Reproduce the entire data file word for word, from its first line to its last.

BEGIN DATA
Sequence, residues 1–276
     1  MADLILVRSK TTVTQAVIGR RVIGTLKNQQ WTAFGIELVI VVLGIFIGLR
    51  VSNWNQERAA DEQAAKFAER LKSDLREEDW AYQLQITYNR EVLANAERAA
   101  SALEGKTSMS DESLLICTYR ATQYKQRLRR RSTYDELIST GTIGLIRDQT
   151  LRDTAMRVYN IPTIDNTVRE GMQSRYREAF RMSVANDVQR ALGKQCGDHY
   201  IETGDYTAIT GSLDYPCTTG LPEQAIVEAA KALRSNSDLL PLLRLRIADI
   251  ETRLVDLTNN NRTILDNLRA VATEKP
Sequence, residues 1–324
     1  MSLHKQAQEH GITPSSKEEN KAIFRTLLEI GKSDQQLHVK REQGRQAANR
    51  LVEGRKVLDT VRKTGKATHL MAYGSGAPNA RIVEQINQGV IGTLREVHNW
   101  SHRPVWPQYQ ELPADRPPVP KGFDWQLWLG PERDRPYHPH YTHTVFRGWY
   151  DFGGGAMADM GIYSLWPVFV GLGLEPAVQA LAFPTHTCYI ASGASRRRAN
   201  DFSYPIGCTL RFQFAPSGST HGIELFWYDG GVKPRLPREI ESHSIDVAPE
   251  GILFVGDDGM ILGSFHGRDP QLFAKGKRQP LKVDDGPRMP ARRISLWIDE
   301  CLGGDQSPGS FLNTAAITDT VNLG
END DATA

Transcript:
Sequence, residues 1–276
     1  MADLILVRSK TTVTQAVIGR RVIGTLKNQQ WTAFGIELVI VVLGIFIGLR
    51  VSNWNQERAA DEQAAKFAER LKSDLREEDW AYQLQITYNR EVLANAERAA
   101  SALEGKTSMS DESLLICTYR ATQYKQRLRR RSTYDELIST GTIGLIRDQT
   151  LRDTAMRVYN IPTIDNTVRE GMQSRYREAF RMSVANDVQR ALGKQCGDHY
   201  IETGDYTAIT GSLDYPCTTG LPEQAIVEAA KALRSNSDLL PLLRLRIADI
   251  ETRLVDLTNN NRTILDNLRA VATEKP
Sequence, residues 1–324
     1  MSLHKQAQEH GITPSSKEEN KAIFRTLLEI GKSDQQLHVK REQGRQAANR
    51  LVEGRKVLDT VRKTGKATHL MAYGSGAPNA RIVEQINQGV IGTLREVHNW
   101  SHRPVWPQYQ ELPADRPPVP KGFDWQLWLG PERDRPYHPH YTHTVFRGWY
   151  DFGGGAMADM GIYSLWPVFV GLGLEPAVQA LAFPTHTCYI ASGASRRRAN
   201  DFSYPIGCTL RFQFAPSGST HGIELFWYDG GVKPRLPREI ESHSIDVAPE
   251  GILFVGDDGM ILGSFHGRDP QLFAKGKRQP LKVDDGPRMP ARRISLWIDE
   301  CLGGDQSPGS FLNTAAITDT VNLG